You’re reading The Waugh Zone, our daily politics briefing. Sign up now to get it by email in the evening.
“Vaccine nationalism” is one of those practices that every country disowns, but some secretly indulge. And when it comes to their handling of the pandemic more broadly, politicians are often happy to comment on other countries’ failures while bristling at any outsider verdict on their own.
We had a flavour of that over the past 24 hours after Canada’s Justin Trudeau blurted out that the UK was ahead of the world on vaccinations “yet they maintain very strong restrictions and are facing a very serious third wave”. It was a (characteristically) hamfisted attempt to justify his own continued lockdown and sparked a wave of British indignation.
There was a gentle rebuff on Thursday from Boris Johnson’s spokesperson, who said “I don’t have a specific response for Justin Trudeau, but I think the case data speaks for itself with this”. He then proceeded to say that UK case numbers, hospitalisations and deaths had all fallen and “that’s a tribute to our vaccine roll out and the work of the British public and our NHS”.
The only problem with that response is that, well, the PM himself this week made plain that vaccination wasn’t the real driver of those falling numbers. And while Trudeau’s claim about a “serious” third wave certainly baffled scientists here, Johnson and Chris Whitty and Patrick Vallance have all warned there will be a third wave of some kind, it’s just unclear when or how big it will be.
Although the Oxford/AstraZeneca vaccine is not a “British” vaccine as such, there was also some early government defensiveness on its behalf as other countries raised concerns about possible links to blood clots. Now that our own regulator has paused the jab for under-30s, there is unsurprisingly some European muttering of “we told you so”.
Of course, it all comes down to a balance of risks, and the need to make informed assessments of that risk. And a brand new Oxford study concluded that the risk of cerebral venous thrombosis (CVT) is – wait for it – around eight to 10 times higher after catching the virus than getting vaccinated.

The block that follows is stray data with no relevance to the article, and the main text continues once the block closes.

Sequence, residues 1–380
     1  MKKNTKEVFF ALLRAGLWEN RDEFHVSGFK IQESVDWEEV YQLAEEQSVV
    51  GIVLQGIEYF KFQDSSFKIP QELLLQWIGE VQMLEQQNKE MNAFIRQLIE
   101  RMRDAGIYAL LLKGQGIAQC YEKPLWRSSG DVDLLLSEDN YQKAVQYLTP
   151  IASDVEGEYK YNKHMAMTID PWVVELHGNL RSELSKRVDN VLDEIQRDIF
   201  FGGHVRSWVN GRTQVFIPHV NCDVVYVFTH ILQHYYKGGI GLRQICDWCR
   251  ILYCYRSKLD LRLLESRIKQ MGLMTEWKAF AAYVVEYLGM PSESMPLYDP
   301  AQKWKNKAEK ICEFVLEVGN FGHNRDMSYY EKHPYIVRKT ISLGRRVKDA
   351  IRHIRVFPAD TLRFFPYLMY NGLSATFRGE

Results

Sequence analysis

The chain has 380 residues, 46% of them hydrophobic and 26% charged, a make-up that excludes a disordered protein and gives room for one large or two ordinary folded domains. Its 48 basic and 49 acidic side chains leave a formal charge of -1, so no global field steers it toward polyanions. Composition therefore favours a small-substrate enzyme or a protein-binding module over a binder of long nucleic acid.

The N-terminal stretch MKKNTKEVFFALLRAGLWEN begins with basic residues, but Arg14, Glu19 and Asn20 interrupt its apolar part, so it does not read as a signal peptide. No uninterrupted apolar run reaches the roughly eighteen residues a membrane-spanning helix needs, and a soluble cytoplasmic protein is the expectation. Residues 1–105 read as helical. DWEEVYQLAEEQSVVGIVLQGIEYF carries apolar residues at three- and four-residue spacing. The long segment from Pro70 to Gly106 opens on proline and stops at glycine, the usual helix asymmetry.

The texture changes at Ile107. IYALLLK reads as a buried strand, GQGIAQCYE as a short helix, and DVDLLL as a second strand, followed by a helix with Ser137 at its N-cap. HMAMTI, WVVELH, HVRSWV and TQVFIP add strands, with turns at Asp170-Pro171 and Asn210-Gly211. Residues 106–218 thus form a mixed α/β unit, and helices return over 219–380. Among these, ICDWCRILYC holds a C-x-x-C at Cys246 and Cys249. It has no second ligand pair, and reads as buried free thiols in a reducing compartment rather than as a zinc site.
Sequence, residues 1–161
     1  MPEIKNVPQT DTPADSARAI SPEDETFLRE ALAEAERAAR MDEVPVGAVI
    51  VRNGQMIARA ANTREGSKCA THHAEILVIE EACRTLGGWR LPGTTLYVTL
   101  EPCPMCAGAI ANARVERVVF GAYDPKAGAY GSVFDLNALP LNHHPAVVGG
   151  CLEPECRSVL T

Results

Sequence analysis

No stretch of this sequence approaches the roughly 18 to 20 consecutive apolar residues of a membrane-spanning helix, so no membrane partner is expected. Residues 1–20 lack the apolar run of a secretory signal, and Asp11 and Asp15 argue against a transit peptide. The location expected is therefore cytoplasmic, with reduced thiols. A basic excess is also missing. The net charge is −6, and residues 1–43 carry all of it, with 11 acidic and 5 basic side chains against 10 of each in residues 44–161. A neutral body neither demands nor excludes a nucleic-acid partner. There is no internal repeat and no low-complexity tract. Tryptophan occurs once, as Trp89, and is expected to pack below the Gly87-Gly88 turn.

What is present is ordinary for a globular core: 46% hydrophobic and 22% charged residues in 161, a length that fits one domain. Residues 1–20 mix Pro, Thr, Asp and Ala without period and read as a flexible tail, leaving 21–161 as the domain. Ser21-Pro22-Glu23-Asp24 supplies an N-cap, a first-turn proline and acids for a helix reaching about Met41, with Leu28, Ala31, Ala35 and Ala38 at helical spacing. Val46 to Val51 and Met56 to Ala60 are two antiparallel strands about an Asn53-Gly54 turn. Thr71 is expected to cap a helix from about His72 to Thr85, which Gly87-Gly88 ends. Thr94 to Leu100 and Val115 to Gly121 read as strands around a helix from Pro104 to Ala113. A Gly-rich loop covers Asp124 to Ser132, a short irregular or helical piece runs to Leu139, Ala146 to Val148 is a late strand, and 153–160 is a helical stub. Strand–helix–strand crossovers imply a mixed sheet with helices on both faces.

Based on data from more than 500,000 Covid-19 patients, the experts calculated the occurrence of CVT was 39 in a million people. Among those who had a vaccine made by AstraZeneca, the occurrence was about five in a million after the first dose. Intriguingly, they found for the Pfizer or Moderna vaccines the occurrence of CVT was around four in a million. That’s not much different from AZ, yet neither has the same PR problem.
Crucially, Professor Paul Harrison, who led the study, said that the risk was still higher “even for those under 30”. The much less diplomatic Professor John Bell put it bluntly: “If you don’t get a vaccine you’re going to get Covid. And if you get Covid you’ll have a very, very much higher risk of getting a bad clotting problem.”
The new research paper has come too late for some countries. On Wednesday, Denmark had actually become the first European country to completely halt its AstraZeneca rollout, to all age groups. It admitted “the risk in absolute terms is slight” but went ahead with the ban anyway.
Yet today, as Europe passed the awful milestone of a million deaths (with France set to pass 100,000 tonight), there was a genuinely jaw-dropping revelation about Denmark. The WHO’s Europe chief Hans Kluge said he’d been told by Soren Brostrom, director general of the Danish Health Authority, that “the ministry of foreign affairs of Denmark is ready to, or looking already into options, for sharing AstraZeneca vaccines with poorer countries.”
Yes, you read that right: they’re saying this vaccine is not safe enough for Danes, but it is for the developing world. That betrays a shocking assumption about the comparative value placed on lives in richer and poorer states. But the truly shocking factor is the failure to properly weigh the risks. As the Oxford study shows, the chances of dying from Covid are much higher than of dying from a vaccine – even among the young.
There is also a real danger that our old friend “an abundance of caution” is not the benign concept it seems, and is in fact utterly deadly. Actions like Denmark’s can only undermine confidence in the AstraZeneca jab, the only not-for-profit vaccine, in the very countries that depend on it most. Gordon Brown and others urged global action today, as 90% of people in poor countries already face a 2021 without any vaccines at all.
Being able to reject a vaccine on grounds of the “slight” risk it poses, simply because you have plentiful alternative stocks (as Denmark claims), brings a whole new tawdriness to that phrase “First World problems”. The risk is a continued spread that ends up becoming a global problem. Let’s hope that the reassuring findings of the new Oxford research can drown out the messages that somehow the AstraZeneca jab is “unsafe”.